Despite a recent series of positive economic data in the first quarter of 2013, the U.S. economic recovery is still in progress, with significant headwinds that need to be addressed. The data has not been consistent, nor are other conditions supportive enough, to be able to conclude that there will be solid & significant economic growth above last year. However, the positive economic, manufacturing, and housing numbers, had all been released around the same time, which has likely boosted short term optimism in the financial/economic community and the media.
My view is contrary to the recent economic forecasts, that have been very quick to conclude a rebound, garnered from data over such a small interval of time. We can hardly call a win streak of one, a streak or vote of confidence. I expect a period of low growth to continue in the U.S. (and globally) for 2013 and likely into at least the first half of 2014. If I ignore the technical levels, I still consider the U.S. (and most of the world to have never emerged from the recession which started in 2008). It would not be unexpected that another technical recession occur in the U.S. (and globally) later in the year.
There are a few main challenges likely to keep growth low and create a difficult environment for the U.S. economy:
• Unemployment – It is still persistently high. Massive corporate layoffs continue (CITI, JP Morgan, Motorola Mobility, AstraZeneca, Boeing, etc.). Consumer spending remains low, restricting demand & economic growth.
• Real estate – It is recovering, but mortgage lending is slowing.
• GDP/growth – Outlook remains low. Productivity & exports are issues.
• Federal Reserve & QE – The Fed helped to stimulate economic growth, and QE is keeping the market happy. But the economy will not be able to grow much further via the Fed’s policy and monetary tools.
• U.S. debt level – The country’s debt level is increasing, and the debt ceiling is being reached again. This limits fiscal spending and results in budget cuts/constraints. Ultimately, overall growth will be restricted, and in some area will contract.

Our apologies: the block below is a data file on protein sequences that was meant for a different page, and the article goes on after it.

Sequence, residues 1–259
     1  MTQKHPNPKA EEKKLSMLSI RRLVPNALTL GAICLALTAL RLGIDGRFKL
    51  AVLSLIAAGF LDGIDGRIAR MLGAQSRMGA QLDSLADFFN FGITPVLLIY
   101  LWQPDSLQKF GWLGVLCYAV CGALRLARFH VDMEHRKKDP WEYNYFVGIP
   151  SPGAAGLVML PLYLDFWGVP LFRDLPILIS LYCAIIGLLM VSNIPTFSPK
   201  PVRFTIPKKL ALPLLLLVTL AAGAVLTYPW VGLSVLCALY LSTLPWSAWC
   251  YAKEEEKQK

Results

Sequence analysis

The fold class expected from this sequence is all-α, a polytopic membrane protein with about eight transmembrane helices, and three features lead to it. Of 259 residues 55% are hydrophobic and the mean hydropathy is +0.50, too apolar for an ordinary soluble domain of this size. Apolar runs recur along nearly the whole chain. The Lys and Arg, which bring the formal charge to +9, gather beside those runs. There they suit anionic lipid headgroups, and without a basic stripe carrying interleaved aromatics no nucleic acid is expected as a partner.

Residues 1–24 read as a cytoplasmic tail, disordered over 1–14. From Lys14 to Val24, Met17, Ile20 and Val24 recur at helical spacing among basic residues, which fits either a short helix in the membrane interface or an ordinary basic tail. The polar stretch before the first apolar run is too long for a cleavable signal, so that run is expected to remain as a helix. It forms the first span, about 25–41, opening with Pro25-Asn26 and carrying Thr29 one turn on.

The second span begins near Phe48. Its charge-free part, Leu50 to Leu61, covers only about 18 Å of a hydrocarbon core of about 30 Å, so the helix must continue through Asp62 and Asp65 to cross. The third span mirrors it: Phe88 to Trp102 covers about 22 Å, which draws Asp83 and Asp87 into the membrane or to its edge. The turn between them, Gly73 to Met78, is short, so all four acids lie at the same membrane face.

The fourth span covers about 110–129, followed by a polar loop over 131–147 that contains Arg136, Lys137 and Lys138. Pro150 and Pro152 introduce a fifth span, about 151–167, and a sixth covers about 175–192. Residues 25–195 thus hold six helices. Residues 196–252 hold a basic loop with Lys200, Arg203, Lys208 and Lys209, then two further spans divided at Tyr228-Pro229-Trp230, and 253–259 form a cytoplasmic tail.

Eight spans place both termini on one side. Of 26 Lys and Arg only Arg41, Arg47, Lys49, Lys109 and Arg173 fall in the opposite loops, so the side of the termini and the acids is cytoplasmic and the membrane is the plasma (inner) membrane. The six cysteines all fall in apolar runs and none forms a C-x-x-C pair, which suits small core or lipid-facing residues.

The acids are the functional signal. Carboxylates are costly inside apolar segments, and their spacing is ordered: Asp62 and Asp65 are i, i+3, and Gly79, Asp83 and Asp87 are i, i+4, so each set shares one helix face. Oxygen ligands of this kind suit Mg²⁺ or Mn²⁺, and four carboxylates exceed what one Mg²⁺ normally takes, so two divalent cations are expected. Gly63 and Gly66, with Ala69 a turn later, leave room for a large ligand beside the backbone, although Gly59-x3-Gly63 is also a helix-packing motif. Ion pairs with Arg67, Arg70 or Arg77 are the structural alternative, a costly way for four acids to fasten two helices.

• Sequester & $85 bln in spending cuts – This will impact the economy negatively, but the exact impact is not concrete. It most likely impact GDP/growth and jobs negatively.
Recent reports indicate that household wealth in the U.S. climbed in the fourth quarter of 2012 to the highest level in five years. Gains in home prices prices was said to be the largest factor that was “helping repair family finances”. Increases to home prices do not reduce the debt burden on households, nor does it increase the spending power of the consumer. However, increases in household earnings would reduce household debt burdens. This can only come from a sustained expansion in jobs.
The January 2013 seasonally adjusted unemployment rate in the US edged up to 7.9%. This isn’t a very surprising number, nor is it much of a change from the levels seen in previous months. The U.S. economy has done a good job to reduce unemployment down from the high-mid 9% crisis levels of 2009-2010, but has had difficultly reducing it below 7.8%. In February 2013, the unemployment rate edged lower to 7.7% which helped contribute to the recent optimism. It’s still too early to tell if this lower level can be sustained. The current unemployment level is still too high, especially when compared to the few years prior to 2008 (4-6% range) [See http://data.bls.gov/timeseries/LNS14000000/]. The jobs lost in the manufacturing and finance sectors during the crisis, have yet to be replaced.
As we step through the first few months of 2013, we still find major corporations are in layoff mode. Although the layoffs have not been as frequent or as numerous compared to those at the beginning of last year, the numbers are still significant. Announcements in workforce reductions as an indicator of unemployment and the economy in general, is one of many indicators that I have used over the years. It is something one can observe without complicated work and statistics. In 2012, it proved to be a very good gauge/predictor again. Growth of corporations mean growth in jobs & the economy. Inversely, large cutback programs mean a large reduction in jobs and a likely contraction in the economy. High unemployment reduces government revenues and increases spending burdens, which lead to larger deficits and higher levels of debt. Elevated levels of unemployment also mean lower domestic consumer spending & demand. This is why the biggest factor affecting the health of the U.S. economy is jobs.